Made to adore and obey.

Senior Communication Major at Spring Arbor University


Often in the field of communication, the goal is to persuade. It is important to understand how to go about persuading in order to be the most effective. Most of the information in this blog post will be taken from the text for my Corporate Communication class, written by Cheryl Hamilton, cited at the end.

To persuade, it is important to make sure an argument is coherently logical (logos), that the speaker is credible (ethos), and that the psychological needs of the audience are met (pathos).


According to the text, there are four main methods of persuasion, and each one has a different level of usefulness, depending on the situation.

Method 1 is “assertion plus evidence plus source,” such as “We need to paint our workroom orange [assertion]. Productivity normally increases by 20 percent when the walls are painted orange [evidence] according to Kenneth Johnson

” (Hamilton, 2014, p. 399). Method 1 is the least persuasive, but tends to work well if the audience is already well-acquainted with the source or is very convinced of the credibility of the speaker (Hamilton, p. 399).

Method 2 is “assertion plus evidence” such as “We need to paint the workroom orange [assertion]. Productivity normally increases by 20 percent when the walls are painted orange [evidence].” (Hamilton, p. 399). This is a good method to use when you are speaking to those inside your organization (Hamilton, p. 400).

Method 3 is “assertion plus evidence plus source plus qualifications of source,” such as adding to the above statements that Kenneth Johnson is “the research director for Business Color, Inc. [qualifications of source]” (Hamilton, p. 399). Method 3 is often a good choice when trying to persuade people outside of your organization (Hamilton, p. 400).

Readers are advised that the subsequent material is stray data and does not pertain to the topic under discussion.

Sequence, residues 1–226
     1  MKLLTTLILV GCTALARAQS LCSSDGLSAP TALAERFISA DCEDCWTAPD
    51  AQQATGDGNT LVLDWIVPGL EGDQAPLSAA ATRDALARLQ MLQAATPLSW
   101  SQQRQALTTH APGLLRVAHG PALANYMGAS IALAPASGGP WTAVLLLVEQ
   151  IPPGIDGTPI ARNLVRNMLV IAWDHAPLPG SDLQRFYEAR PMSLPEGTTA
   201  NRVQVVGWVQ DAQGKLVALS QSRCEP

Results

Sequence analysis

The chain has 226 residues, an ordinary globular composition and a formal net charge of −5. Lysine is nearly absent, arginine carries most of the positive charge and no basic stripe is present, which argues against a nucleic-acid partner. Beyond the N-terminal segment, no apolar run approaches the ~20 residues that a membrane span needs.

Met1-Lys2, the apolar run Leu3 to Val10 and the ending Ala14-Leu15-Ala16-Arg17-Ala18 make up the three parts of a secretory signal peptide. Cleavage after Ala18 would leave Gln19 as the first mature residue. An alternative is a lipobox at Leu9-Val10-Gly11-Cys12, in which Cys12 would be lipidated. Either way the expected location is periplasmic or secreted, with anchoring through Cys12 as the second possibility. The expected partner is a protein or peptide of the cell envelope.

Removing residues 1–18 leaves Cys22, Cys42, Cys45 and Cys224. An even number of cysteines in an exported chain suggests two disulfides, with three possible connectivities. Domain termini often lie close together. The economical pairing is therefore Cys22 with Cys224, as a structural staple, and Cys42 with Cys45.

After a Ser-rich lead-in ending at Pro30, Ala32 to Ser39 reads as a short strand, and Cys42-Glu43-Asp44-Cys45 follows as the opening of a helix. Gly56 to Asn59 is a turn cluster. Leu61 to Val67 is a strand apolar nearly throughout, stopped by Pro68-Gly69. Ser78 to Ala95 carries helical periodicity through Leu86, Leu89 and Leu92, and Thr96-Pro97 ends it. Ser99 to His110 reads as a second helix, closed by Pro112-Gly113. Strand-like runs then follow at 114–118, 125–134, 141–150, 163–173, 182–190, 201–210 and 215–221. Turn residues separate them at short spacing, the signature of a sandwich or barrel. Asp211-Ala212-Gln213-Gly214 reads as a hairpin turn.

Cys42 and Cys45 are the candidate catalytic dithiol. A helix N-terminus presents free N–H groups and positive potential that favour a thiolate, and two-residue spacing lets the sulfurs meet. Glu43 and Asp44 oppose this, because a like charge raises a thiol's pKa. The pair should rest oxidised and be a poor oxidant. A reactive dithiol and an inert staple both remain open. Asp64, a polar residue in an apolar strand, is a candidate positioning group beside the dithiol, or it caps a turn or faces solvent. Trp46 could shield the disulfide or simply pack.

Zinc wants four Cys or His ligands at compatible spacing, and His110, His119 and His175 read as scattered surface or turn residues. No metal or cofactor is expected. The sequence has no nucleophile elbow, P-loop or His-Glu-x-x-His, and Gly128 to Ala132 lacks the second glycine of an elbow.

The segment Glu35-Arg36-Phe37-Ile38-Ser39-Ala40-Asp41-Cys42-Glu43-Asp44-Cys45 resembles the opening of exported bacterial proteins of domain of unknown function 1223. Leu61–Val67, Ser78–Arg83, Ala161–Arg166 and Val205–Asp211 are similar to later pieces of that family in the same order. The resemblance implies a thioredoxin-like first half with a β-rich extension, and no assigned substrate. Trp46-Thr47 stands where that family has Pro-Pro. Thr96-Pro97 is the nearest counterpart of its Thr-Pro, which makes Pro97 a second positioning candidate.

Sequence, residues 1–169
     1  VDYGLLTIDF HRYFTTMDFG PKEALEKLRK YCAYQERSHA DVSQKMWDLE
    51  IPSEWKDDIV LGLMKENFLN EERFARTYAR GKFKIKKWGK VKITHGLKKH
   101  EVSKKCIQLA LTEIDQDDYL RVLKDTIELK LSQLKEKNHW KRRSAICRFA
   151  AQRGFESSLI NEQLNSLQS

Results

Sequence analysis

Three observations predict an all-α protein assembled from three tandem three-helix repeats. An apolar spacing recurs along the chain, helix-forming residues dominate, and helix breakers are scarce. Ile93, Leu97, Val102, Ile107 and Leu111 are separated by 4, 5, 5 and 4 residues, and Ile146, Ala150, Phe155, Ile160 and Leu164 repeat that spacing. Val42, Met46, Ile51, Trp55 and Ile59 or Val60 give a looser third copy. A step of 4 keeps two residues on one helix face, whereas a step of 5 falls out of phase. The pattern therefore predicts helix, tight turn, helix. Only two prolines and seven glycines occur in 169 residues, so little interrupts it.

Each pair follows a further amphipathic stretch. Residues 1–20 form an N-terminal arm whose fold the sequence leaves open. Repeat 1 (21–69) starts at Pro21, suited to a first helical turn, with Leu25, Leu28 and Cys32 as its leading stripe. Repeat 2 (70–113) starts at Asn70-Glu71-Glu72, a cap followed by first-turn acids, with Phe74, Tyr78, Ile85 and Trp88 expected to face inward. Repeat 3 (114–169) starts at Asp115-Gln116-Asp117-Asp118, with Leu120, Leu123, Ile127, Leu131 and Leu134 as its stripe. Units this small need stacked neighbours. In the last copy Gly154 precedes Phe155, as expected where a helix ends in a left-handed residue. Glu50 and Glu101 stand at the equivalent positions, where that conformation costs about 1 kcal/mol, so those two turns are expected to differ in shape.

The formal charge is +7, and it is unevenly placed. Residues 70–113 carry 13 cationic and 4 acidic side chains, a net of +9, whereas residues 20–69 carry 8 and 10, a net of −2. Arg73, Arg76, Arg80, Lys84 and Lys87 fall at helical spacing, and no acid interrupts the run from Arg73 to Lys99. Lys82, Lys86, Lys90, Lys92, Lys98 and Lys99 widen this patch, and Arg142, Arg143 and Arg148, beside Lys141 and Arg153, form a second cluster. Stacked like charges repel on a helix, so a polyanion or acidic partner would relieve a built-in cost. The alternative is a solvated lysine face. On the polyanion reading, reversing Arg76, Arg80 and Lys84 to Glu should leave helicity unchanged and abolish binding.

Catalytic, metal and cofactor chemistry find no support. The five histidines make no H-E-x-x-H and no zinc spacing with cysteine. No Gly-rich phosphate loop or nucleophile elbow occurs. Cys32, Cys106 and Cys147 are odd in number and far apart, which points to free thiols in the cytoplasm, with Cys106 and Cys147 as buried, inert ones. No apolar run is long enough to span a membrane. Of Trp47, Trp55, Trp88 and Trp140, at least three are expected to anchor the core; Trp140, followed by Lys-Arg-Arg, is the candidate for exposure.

Method 4 is “assertion plus firsthand experience” such as adding, “Twice I have been in departments that painted their walls orange, and both times productivity has increased approximately 20 percent [firsthand experience]” (Hamilton, p. 399). Method 4 is a fantastic method to use when you are speaking to people within your organization, but is also persuasive to people outside of your organization.

Persuaders need to decide whether they will exclusively present their side of view or the opposing arguments as well. If your audience already agrees with you, or does not know anything about your topic, or you want immediate action such as donation from your audience, or if your audience probably will not hear an opposing view, then you should just present your side of the argument (Hamilton, p. 401).

However, if the listeners know a lot about your topic, or if they disagree with your proposal, or if you know your audience will probably hear the other view anyway, you should present both sides (Hamilton, p. 401-2).

It is important to avoid “fallacious reasoning” when persuading, including ad hominem (attacking the person instead of the argument), ad populum (because everyone knows this idea is right, it can’t be wrong), ad ignoratam (since no one can disprove it, it must be right, begging the question (“asserting something that is because it is”), hasty generalization (concluding something with too few examples), post hoc (assuming a causal relationship when that may not be the case), slippery slope (assuming that one step will lead to much more drastic ones) (Hamilton, p. 403).

Hamilton presents several interesting methods of persuasion in this chapter, but I will only mention one that I found interesting: the criteria satisfaction pattern. This method works well even when your audience opposes your position, and it involves two steps: first, establishing criteria to follow when evaluating plans or solutions, and second, explaining how your method meets or exceeds the criteria. Apparently if you can get your audience to agree to the criteria, you can often convince them of your method as well (Hamilton, p. 416).


Hamilton, C. (2014). Communicating for results: A guide for business and the professions (10th ed.). Boston: Wadsworth.

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This entry was posted on November 30, 2013 by and tagged , , , , , , .
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